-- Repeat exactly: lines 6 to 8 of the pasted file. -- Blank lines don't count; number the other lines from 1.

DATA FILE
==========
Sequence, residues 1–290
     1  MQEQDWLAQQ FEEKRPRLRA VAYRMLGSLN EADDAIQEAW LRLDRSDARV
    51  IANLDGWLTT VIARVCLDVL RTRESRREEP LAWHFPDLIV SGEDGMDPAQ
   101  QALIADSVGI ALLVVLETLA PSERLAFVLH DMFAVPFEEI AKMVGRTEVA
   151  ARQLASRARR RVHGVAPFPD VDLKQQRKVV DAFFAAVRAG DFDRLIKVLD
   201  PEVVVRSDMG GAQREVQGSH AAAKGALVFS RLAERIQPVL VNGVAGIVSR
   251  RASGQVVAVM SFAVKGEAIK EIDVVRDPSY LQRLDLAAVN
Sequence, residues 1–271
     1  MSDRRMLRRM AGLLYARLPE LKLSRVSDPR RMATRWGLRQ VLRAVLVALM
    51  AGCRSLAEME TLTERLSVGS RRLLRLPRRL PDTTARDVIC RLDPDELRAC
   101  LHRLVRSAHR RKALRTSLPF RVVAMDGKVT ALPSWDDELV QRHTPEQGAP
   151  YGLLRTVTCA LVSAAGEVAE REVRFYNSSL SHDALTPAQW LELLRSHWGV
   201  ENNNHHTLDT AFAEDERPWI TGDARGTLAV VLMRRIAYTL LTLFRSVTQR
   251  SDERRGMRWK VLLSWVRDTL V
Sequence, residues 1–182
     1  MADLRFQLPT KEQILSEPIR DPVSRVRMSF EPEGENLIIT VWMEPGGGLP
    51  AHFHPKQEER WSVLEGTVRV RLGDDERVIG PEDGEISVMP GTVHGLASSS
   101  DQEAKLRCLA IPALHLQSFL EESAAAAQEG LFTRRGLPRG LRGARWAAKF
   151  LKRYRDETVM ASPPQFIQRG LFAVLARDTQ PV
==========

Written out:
   201  PEVVVRSDMG GAQREVQGSH AAAKGALVFS RLAERIQPVL VNGVAGIVSR
   251  RASGQVVAVM SFAVKGEAIK EIDVVRDPSY LQRLDLAAVN
Sequence, residues 1–271